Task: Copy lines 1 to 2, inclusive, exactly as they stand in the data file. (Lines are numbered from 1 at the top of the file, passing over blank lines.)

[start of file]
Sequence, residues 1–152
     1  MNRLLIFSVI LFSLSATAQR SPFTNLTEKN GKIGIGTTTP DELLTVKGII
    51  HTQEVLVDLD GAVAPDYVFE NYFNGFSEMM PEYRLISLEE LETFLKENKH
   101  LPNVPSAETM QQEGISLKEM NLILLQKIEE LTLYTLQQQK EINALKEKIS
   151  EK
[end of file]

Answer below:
Sequence, residues 1–152
     1  MNRLLIFSVI LFSLSATAQR SPFTNLTEKN GKIGIGTTTP DELLTVKGII